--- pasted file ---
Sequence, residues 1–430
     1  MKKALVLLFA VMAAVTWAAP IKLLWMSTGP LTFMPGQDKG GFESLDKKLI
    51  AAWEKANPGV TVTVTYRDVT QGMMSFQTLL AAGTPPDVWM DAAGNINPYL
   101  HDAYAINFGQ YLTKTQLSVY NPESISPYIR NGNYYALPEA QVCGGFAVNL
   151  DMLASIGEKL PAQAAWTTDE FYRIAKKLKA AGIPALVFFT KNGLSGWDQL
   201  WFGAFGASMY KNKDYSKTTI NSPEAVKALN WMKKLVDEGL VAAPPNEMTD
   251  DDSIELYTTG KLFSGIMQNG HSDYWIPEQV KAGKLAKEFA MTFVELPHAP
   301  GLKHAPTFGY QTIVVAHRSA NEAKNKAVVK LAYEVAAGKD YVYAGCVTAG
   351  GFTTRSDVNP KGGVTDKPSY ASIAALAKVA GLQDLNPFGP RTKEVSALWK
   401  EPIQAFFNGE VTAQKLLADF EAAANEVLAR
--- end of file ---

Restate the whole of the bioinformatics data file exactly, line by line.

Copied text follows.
Sequence, residues 1–430
     1  MKKALVLLFA VMAAVTWAAP IKLLWMSTGP LTFMPGQDKG GFESLDKKLI
    51  AAWEKANPGV TVTVTYRDVT QGMMSFQTLL AAGTPPDVWM DAAGNINPYL
   101  HDAYAINFGQ YLTKTQLSVY NPESISPYIR NGNYYALPEA QVCGGFAVNL
   151  DMLASIGEKL PAQAAWTTDE FYRIAKKLKA AGIPALVFFT KNGLSGWDQL
   201  WFGAFGASMY KNKDYSKTTI NSPEAVKALN WMKKLVDEGL VAAPPNEMTD
   251  DDSIELYTTG KLFSGIMQNG HSDYWIPEQV KAGKLAKEFA MTFVELPHAP
   301  GLKHAPTFGY QTIVVAHRSA NEAKNKAVVK LAYEVAAGKD YVYAGCVTAG
   351  GFTTRSDVNP KGGVTDKPSY ASIAALAKVA GLQDLNPFGP RTKEVSALWK
   401  EPIQAFFNGE VTAQKLLADF EAAANEVLAR